Bolton Valley, Vt.
Bolton Valley,” a friend once remarked, “feels more like skiing in the Alps than any other ski area in New England.” I’d always thought of the resort-a family favorite often forgotten among the giants of northern Vermont-as more Lilliputian than Alpine. But as I got to know it better, I began to see his point.
With the highest base elevation in Vermont and a tasteful mini-village of Bavarian-style architecture, Bolton feels a little like Lech, but at a fraction of the marks. Sure, skiing the meandering Sherman’s Pass off the summit-or even Lost Boyz, a gladed double-black served by the resort’s only modern quad-will never be confused with conquering the Hahnenkamm.
But you won’t hear any complaints from in-the-know families who gravitate to Bolton for its high-alpine beauty and low-brow pricing. As one Long Island skier told me, grinning between powder runs last year: “It’s the kind of place that families back home would love-if they only knew it existed.”
Part of the secret of Bolton is that it revels in all things small. With barely a lift line, all five chairlifts serve manageable novice trails, but there are enough blue squares to grow on, and even a few scary pitches off the summit. Meanwhile, the Mighty-Mite handle-tow, just out the back door of the ski-in/ski-out village, is perfect for tots.Surrounded by 5,000 pristine acres, Bolton also brims with tons of backcountry potential. Just ask any of the bark-eating locals working the seams between the resort’s three peaks.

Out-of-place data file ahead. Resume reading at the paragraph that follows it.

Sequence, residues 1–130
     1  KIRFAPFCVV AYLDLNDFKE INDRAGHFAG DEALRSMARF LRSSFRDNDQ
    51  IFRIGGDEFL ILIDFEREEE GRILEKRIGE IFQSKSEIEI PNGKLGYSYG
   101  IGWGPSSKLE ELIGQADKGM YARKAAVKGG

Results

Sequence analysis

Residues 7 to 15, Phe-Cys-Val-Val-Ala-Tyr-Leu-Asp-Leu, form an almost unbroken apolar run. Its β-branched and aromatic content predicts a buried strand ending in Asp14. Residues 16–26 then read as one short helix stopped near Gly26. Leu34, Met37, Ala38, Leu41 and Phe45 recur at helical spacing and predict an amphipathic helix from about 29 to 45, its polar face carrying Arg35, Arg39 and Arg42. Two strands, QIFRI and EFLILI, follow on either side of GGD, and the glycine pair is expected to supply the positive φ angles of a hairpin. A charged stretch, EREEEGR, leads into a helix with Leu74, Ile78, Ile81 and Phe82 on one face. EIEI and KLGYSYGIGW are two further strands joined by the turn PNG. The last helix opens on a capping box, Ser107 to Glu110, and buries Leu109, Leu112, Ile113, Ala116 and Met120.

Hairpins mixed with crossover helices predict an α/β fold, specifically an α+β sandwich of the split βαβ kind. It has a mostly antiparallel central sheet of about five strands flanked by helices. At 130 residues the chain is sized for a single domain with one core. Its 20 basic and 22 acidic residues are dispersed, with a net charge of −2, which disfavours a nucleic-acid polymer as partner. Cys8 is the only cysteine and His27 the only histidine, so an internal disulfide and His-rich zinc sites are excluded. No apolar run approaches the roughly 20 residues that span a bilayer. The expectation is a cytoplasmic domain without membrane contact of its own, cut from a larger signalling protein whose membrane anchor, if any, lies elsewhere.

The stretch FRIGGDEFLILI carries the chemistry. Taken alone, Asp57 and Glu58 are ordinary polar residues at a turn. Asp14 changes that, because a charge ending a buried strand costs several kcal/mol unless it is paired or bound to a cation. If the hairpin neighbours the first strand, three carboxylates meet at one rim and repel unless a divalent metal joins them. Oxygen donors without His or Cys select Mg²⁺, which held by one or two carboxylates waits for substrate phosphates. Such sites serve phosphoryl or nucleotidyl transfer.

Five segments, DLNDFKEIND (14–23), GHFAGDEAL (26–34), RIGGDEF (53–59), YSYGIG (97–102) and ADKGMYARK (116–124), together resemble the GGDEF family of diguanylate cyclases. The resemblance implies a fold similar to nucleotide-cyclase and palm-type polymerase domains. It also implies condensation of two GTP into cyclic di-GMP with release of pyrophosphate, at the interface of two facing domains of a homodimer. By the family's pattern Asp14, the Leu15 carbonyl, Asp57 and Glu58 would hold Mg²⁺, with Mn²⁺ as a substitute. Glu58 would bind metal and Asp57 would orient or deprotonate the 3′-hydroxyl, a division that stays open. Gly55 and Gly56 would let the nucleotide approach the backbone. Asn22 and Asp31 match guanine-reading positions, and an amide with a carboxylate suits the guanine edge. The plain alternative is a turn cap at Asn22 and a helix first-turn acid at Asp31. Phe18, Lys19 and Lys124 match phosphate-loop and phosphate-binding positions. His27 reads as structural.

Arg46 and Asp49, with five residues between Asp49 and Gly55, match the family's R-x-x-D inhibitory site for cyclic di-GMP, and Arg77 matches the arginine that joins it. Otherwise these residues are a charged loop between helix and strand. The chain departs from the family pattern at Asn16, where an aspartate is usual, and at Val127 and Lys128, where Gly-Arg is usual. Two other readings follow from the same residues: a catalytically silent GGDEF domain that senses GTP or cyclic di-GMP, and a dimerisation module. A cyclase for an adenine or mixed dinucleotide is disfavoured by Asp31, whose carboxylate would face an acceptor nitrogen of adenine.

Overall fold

There are other attractions: an extensive cross-country trail network, always well-covered thanks to its high elevation; spectacular views, north to Mt. Mansfield, south to Camel’s Hump, west to Lake Champlain; nightskiing (rare in Vermont); and proximity to Burlington (30 minutes). Lakeside Burlington is not only a lively town to visit après-ski, but a convenient gateway, with low-cost flights from major markets (New York’s JFK and five Florida cities) via JetBlue Airlines.
Under new management for two solid seasons, the resort has hefted its marketing and customer-service efforts while making significant headway on facilities. True, not every facet is buff yet. But frugal New Englanders-and the occasional wayward Austrian-will feel right at home.
Bolton Valley, Vt.
Vital Stats Summit elevation: 3,150 feet; vertical rise: 1,635 feet; lifts: six (five chairs, one handle-tow); 51 trails; average annual snowfall: 250 inches; night-skiing.
Lift Tickets Adults $39, half-day $27, juniors (ages 6-17) $26/$21.
Information 802-434-3444; 877-926-5866; www.boltonvalleyvt.com